The Secretary for Justice has defended a decision to bar Localist Edward Leung Tin-kei from running in upcoming elections, saying there is a legal basis for it.

Leung was only allowed to run in a February by-election because he “had not clearly discussed the Hong Kong independence issue” back then, Rimsky Yuen Kwok-keung claimed, following the controversial decision to bar Leung from the upcoming Legislative Council elections.

Leung, who received more than 66,000 votes in the LegCo by-election, was barred from running on Tuesday even after declaring that he did not support Hong Kong independence anymore. The returning officer did not accept that he had genuinely changed his stance, citing media reports, his old Facebook page and public statements as evidence.

“The returning officer, as I understand, has clearly explained her rationale in the document sent to Mr. Edward Leung – we think the rationale of the returning officer has a legal basis,” Yuen told reporters on Wednesday.

Rimsky Yuen Kwok-keung Edward Leung Tin-kei
Rimsky Yuen Kwok-keung and Edward Leung Tin-kei. /Socrec.

“You can compare what Mr. Edward Leung advocated during the by-election to incidents related to this [decision],” Yuen said. “If you have noticed, Mr. Edward Leung had not clearly discussed the Hong Kong independence issue [before the by-election] – this is what we knew of the situation at the time.”

However, Leung said on a RTHK radio programme on December 29 last year: “what localists want is for Hong Kong to resume its autonomy – Hong Kong independence is one of the ways to implement autonomy.”

He repeatedly stated that he would rule out the option of Hong Kong independence in January and February, after he submitted his nomination form and was confirmed as a candidate.

Leung’s election mailouts for the by-election did not mention Hong Kong independence – but included terms like “valiant resistance”, “autonomy”, “self-determination” and “self-independence.”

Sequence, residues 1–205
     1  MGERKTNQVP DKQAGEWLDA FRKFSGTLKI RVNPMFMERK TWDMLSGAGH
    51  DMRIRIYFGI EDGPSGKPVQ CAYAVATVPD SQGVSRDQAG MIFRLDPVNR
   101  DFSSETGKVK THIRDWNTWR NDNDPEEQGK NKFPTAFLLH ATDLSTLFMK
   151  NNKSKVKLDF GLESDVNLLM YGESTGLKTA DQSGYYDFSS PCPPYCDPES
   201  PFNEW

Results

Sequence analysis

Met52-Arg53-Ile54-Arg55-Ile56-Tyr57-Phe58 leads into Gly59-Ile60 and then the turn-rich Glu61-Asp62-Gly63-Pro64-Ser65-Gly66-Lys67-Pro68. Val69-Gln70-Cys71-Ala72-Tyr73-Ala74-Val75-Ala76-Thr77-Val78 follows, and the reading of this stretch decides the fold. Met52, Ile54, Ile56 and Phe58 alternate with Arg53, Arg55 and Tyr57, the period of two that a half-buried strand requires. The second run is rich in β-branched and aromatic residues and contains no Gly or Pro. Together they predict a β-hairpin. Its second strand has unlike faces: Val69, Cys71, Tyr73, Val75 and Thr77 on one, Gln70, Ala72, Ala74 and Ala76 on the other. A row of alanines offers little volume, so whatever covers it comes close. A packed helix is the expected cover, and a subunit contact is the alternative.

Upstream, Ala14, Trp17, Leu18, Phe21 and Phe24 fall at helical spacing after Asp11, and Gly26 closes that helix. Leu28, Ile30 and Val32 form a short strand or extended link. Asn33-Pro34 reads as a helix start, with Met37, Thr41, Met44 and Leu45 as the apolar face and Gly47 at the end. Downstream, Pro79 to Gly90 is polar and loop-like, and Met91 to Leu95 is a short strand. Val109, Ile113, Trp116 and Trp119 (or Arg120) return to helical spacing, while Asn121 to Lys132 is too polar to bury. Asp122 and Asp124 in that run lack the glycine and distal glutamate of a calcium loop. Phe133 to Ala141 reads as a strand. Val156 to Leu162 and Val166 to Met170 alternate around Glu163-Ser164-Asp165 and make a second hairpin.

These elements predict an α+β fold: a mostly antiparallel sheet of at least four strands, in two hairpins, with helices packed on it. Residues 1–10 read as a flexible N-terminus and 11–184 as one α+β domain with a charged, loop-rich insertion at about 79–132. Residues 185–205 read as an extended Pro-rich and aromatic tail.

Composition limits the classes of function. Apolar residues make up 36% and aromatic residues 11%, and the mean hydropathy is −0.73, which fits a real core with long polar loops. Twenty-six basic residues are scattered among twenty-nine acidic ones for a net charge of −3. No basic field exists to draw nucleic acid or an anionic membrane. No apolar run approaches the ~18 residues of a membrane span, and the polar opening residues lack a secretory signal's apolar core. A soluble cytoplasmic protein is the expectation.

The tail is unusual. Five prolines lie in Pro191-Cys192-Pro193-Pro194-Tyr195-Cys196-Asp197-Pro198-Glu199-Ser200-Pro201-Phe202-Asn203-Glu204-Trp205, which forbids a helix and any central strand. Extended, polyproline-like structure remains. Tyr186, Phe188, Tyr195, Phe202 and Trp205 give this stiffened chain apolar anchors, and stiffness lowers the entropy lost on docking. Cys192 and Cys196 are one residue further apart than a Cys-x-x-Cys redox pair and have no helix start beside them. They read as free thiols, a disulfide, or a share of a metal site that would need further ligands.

His mailouts were still rejected by authorities, who said they were not compliant with conditions laid down in the guidelines of the Electoral Affairs Commission.

Eternal ban

On a RTHK radio programme on Wednesday, Leung said he felt helpless after the returning officer’s decision.

“When will she eventually believe that I will truly uphold the Basic Law?” he said, questioning whether it would take four years or even eight years. “Do I have to sign a ‘letter of repentance’ and pledge I won’t call for independence in front of six cameras and the whole universe?”

“I have been stripped of my political rights for my entire life,” he added.

However, Eric Cheung Tat-ming, principal lecturer at the University of Hong Kong’s law school, said the government’s decision lacked legal grounds. He said on the programme that he was concerned about whether the government would invite the Standing Committee of the National People’s Congress to interpret the Basic Law in order to provide legal grounds for the invalidation.

“The law has never given the returning officers the power to make a political decision and give subjective judgement,” he said.

Alan Lo Ying-ki Chan Ho-tin
Alan Lo Ying-ki (left) and Chan Ho-tin (right). Photo: GovHK/Apple Daily.

Threats towards returning officers

Meanwhile, a man was arrested Wednesday morning on suspicion of accessing a computer with dishonest intent, after he allegedly made threatening speeches towards a returning officer.

The government previously condemned “malicious personal attacks,” “intimidating remarks” and threats made online against a returning officer who banned a pro-independence candidate from running in the upcoming Legislative Council election.

Kris Cheng is a Hong Kong journalist with an interest in local politics. His work has been featured in Washington Post, Public Radio International, Hong Kong Economic Times and others. He has a BSSc in Sociology from the Chinese University of Hong Kong. Kris is HKFP's Editorial Director.